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Many of town's displaced are McMinnville natives
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Nick and his dog Jupiter pass by a homeless camp near McMinnville on their way to panhandle on Friday. Nick doesn’t live in a homeless camp because he doesn’t like being around other people. Nick and Jupiter got to Middle Tennessee from Miami via hitchhiking, hoboing, and Uber. - photo by Chris Simones

It’s probably natural to wonder how the homeless people in McMinnville got here. 

Did their car break down as they were passing through town? Were they hitchhiking and this is where their ride ran out? Did they come here for work and the job never materialized?

As it turns out, the majority of the homeless population in McMinnville didn’t have to get here. They were already here.

“My best guess is that three out of four homeless people that we’ve worked with are from right here in McMinnville,” said Sheila Fann. 

Fann is co-director of HOME, the Homeless effort of McMinnville, a nonprofit organization she and co-director Tina Higgins started on Dec. 31, 2019 as an effort to aid the homeless population of Warren County.

Higgins’ interest in helping the homeless began when she met a young homeless woman in McMinnville a few years ago. “I found myself wondering if she was getting enough to eat or if she was warm at night,” said Higgins. “Then about a year ago I met a local policeman named Bill Davis who had been working with the homeless for many years. Bill introduced my husband and me to some of the local homeless and we started taking them meals every Thursday.”

Aside from Fann and Higgins, HOME has a corps of 40-50 dedicated volunteers who are critical to HOME’s success.

Rural homelessness can be difficult to detect because the homeless can live in places not easily seen.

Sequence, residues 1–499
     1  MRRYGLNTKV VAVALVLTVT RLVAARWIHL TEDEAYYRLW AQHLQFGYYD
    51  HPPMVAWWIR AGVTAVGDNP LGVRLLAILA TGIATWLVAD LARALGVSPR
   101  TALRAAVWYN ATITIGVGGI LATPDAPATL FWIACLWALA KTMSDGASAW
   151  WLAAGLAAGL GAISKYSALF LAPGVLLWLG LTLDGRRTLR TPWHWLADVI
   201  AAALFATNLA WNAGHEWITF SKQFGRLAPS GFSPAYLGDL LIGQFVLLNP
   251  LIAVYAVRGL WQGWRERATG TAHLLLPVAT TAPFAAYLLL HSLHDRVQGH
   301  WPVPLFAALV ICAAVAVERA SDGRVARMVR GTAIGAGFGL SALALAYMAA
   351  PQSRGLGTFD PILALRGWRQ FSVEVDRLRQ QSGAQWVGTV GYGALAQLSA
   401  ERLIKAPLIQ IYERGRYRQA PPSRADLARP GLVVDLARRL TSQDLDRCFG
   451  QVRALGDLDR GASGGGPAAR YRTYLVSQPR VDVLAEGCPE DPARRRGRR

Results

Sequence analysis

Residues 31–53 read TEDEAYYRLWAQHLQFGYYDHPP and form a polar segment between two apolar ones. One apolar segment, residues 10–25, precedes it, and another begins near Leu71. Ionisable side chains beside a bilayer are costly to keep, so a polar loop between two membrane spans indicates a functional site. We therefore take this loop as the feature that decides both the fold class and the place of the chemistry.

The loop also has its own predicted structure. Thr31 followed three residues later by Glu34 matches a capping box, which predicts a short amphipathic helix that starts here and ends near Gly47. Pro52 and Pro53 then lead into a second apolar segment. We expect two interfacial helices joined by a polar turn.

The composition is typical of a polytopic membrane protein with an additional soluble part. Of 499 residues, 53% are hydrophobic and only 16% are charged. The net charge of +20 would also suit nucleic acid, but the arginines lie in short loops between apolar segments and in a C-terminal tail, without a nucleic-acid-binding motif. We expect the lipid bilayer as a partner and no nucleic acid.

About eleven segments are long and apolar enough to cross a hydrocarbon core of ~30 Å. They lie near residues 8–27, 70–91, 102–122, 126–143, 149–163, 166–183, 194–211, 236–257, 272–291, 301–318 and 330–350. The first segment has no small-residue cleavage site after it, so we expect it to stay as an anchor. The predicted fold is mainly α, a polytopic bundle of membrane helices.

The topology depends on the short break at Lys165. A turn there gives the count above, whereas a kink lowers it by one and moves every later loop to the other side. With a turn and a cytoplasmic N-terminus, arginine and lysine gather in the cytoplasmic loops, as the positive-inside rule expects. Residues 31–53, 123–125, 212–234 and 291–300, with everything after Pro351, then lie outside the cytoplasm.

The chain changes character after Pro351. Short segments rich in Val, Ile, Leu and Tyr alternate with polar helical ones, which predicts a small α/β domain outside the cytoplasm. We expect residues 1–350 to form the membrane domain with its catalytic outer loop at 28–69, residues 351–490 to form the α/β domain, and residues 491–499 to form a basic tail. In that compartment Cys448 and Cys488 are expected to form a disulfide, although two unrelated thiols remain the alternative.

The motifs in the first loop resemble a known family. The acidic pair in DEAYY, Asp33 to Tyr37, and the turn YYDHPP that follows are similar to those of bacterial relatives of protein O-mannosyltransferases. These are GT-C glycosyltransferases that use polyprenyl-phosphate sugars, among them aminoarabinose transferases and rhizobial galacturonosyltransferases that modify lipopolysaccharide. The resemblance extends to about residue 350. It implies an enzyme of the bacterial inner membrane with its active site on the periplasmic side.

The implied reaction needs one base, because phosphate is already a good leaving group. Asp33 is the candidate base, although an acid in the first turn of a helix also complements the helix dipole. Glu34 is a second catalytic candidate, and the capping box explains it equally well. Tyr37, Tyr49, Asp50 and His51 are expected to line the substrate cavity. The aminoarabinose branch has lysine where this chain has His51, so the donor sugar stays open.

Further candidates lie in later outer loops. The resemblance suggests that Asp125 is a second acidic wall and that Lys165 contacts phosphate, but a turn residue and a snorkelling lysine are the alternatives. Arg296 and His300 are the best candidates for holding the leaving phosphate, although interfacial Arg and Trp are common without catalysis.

“It’s difficult to know exactly how many homeless there are here, but we help 15-20 people on a regular basis,” said Fann.

HOME provides food, water, toiletries, sleeping bags, and tents to the homeless and attempts to steer them toward available financial assistance that can be used toward permanent housing.

Fann says many of the homeless are unemployable due to mental illness or drug and alcohol abuse. Others can’t work because of physical disabilities.

Johnny lives in a homeless camp near McMinnville. The camp is in a thick patch of woods where the ground gets muddy and the mosquitoes are relentless.

Johnny is a clean-cut, well-spoken man. He is 56 years old. He has primarily worked in construction and has suffered his share of injuries, but the main reason he can’t work right now is because of cataracts on both eyes.

Fann and Higgins have gotten Johnny a pair of glasses but his vision is still severely limited. Surgery could help but he doesn’t have insurance. They’ve reached out on Johnny’s behalf to a charitable organization that sometimes foots the bill for medical procedures but they haven’t heard back yet.

“You have to be able to see to do just about anything,” said Johnny laughing as he stood in front of his tent. “I’ve tried to work a couple of jobs but I just can’t see well enough to keep up.”

Johnny’s tent is in the woods among a cluster of others but the residents don’t really seem to interact. Johnny grew up in McMinnville. He said his family moved a lot when he was a child.

“My father would buy a run-down house and fix it up. We’d live in it while he was fixing it up,” said Johnny. “As soon as he was finished, he’d sell it and we’d move again. We never stayed anywhere more than a year or two. I never really had friends or got close to anybody because we were always moving.”

“I hate moving,” said Johnny. “If I can ever get into a real home I’m never moving again.”

Johnny has been back in McMinnville for about a year. Before that, he was living in Valparaiso, Fla., with his brother for nearly five years until his brother dropped him at a shelter there one afternoon. Johnny started missing McMinnville so he walked back home from Florida.

“I got three short rides. Other than that I walked the whole way,” said Johnny proudly.

One frigid night last February, Fann saw Johnny walking down North Chancery Street without a coat and she stopped to talk to him.